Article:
Don’t Treat Kids Like Oscars. If your new boyfriend has kids, resist the urge to wage a campaign to win them over right away. Women who do this think that getting in good with the kids will help impress their new love interest and advance their budding romantic relationship. Not only is this strategy unfair, it often backfires.

It’s not fair because it involves manipulating the emotions of children simply to further your love life. That’s a pretty crappy thing to do. It backfires because when you start off acting like a fan rather than a friend, you often end up pretending to be someone you’re not. It won’t take long for the kids to figure out that you really aren’t who you pretended to be, and they will then conclude that you were using them to get in good with their dad. At that point you will have your first obstacle to overcome — one that is completely your fault.

A better approach is to have the patience to get to know each other gradually. Rather than pretending to like every single thing about the kids only to have your real opinions come out later; you can slowly discover what you honestly have in common. You won’t like every thing about his kids, and they won’t like every single thing about you. But you will both be able to trust that your opinions are honest and the developing relationship is genuine.


Of course, women aren’t the only ones who do this. Make sure you don’t let your new boyfriend approach your kids like they are Oscars that can be won if his performance is impressive enough. Your kids deserve to be treated like people who are worthy of respect, not prizes that are up for grabs. 


Don’t Act Like You’re Auditioning For Replacement Parent. Don’t encourage your kids to call your new love interest Dad or invite his kids to call you Mom. These kids already have a mom and a dad, and being told to start calling someone else Mom or Dad only serves to confuse them or make them feel awkward; and it could even cause tension with their actual mom or dad. Instead, model for them what it looks like to approach a relationship in a mature manner: slowly and with respect and restraint. That’s a lesson that will serve them well in many ways.

You’re The Casting Director Of Your Love Life. Your kids don’t get to decide who gets cast as your boyfriend — that’s your decision. But they do get to decide whether they themselves like him. And don’t be surprised if they don’t at first. Many kids are not thrilled to have a new leading man waltzing into their house and changing up the family dynamic. While you can’t order them to like your new boyfriend, you can insist that they treat him with respect while everyone works through the transition. The best way to maximize the chances that your kids will eventually like your boyfriend is to be selective about who you choose to begin with, carefully vet him before you make any introductions, and then continue to take things slowly once you do.

Handling Negative Reviews. If your kids don’t like your boyfriend, give them a chance to explain the basis for their opinion. If they tell you that he gives them a creepy feeling, they caught him rifling through your jewelry box, or he told them he’s a reptile freak and he’s in the process of setting up a snake aquarium in his house, these are serious complaints and you should break up with him immediately. But if they tell you he is an attention hog or that you really don’t need a boyfriend, anyway, because you have them, that’s a different story. Complaints of that nature indicate that their objections aren’t based on anything specific to him; but rather they dislike the idea of your having any boyfriend at all.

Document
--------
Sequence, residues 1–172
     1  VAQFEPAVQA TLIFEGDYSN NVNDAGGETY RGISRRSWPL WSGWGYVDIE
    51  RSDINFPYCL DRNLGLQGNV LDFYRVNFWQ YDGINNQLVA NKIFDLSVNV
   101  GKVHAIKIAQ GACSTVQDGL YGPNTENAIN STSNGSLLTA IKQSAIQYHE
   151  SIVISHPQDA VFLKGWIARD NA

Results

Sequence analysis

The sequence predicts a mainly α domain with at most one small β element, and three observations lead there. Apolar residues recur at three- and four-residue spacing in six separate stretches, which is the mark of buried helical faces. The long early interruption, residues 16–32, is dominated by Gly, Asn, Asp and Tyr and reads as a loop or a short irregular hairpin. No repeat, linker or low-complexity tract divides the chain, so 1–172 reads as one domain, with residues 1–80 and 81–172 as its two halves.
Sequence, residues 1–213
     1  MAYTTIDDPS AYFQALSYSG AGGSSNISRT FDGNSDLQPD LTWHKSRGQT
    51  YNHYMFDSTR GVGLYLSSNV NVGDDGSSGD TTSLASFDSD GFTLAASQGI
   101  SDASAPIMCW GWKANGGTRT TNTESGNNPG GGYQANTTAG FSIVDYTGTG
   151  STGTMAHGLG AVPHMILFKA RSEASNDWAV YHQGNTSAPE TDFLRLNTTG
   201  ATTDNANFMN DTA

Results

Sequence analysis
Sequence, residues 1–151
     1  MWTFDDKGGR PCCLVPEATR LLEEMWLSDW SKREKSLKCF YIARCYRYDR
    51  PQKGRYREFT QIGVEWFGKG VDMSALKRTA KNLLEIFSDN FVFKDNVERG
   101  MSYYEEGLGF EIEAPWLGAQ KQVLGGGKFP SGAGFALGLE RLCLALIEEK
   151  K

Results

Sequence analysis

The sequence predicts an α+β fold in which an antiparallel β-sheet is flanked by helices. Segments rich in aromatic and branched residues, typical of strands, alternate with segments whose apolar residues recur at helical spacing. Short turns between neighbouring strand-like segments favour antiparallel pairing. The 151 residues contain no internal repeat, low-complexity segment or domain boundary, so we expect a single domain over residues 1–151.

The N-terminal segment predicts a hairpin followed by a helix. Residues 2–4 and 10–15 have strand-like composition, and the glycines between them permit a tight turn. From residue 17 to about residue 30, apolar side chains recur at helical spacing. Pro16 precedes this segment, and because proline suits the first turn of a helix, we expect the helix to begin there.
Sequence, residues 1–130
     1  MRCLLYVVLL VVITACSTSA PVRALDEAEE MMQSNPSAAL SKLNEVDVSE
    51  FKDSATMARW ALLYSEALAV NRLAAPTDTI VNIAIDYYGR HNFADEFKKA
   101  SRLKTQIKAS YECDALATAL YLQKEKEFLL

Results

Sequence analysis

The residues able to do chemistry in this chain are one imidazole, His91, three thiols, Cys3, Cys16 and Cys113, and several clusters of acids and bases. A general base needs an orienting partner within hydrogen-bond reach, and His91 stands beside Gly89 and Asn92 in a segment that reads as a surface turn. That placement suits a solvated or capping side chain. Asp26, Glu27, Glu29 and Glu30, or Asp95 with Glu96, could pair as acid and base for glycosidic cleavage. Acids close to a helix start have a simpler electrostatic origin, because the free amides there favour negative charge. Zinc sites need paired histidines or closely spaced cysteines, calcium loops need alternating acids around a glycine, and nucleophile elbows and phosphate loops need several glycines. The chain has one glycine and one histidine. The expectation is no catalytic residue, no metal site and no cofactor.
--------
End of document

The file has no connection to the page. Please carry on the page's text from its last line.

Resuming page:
Their views are understandable. After all, these are your kids. From their standpoint, there’s a big gross out factor when it comes to the idea of their mom being all starry-eyed over some guy and doing all of those things that go along with dating. And what kid wouldn’t get his back up over some new guy cutting in on the time and attention they get from their mom?


But while their complaints might be understandable, that doesn’t make them legitimate. There’s no need to break up with your boyfriend over unfounded complaints. In fact, doing so would send your kids the message that they have ultimate authority over your love life, and that would set a precedent that you would quickly come to regret. While breaking up isn’t wise, making some adjustments to take the pressure off everyone would be a very smart move. Continue to see your boyfriend, but go back to seeing him away from the house and/or at times when your kids are not around. Don’t hide the fact you’re continuing to see him; just don’t include your kids in your plans.

Over time, your kids will adjust to the idea of your having a boyfriend and their resistance will diminish. Then you can slowly ramp up the occasions when your boyfriend is included in family events. A side benefit of this approach is it affords you additional time to get to know him, which means you will be that much more sure of things before he gets involved in your kids’ lives. And your reward for being sensitive to your kids’ needs is that your kids will be far more likely to actually like your new flame (rather than simply accepting him) if they don’t feel like he is being forced on them. And all of that gives your relationship a greater chance of succeeding.

Don’t Give Your Kids A Supporting Role. Every relationship — even a brand new one involving a guy you are totally smitten with — has its share of bumps in the road. Because you’re coming off a divorce and you haven’t dealt with the dynamics of a new relationship in a very long time, it’s natural for you to want to process these developments by talking them out with someone to get a little perspective. That’s fine — as long as that someone is not one of your kids.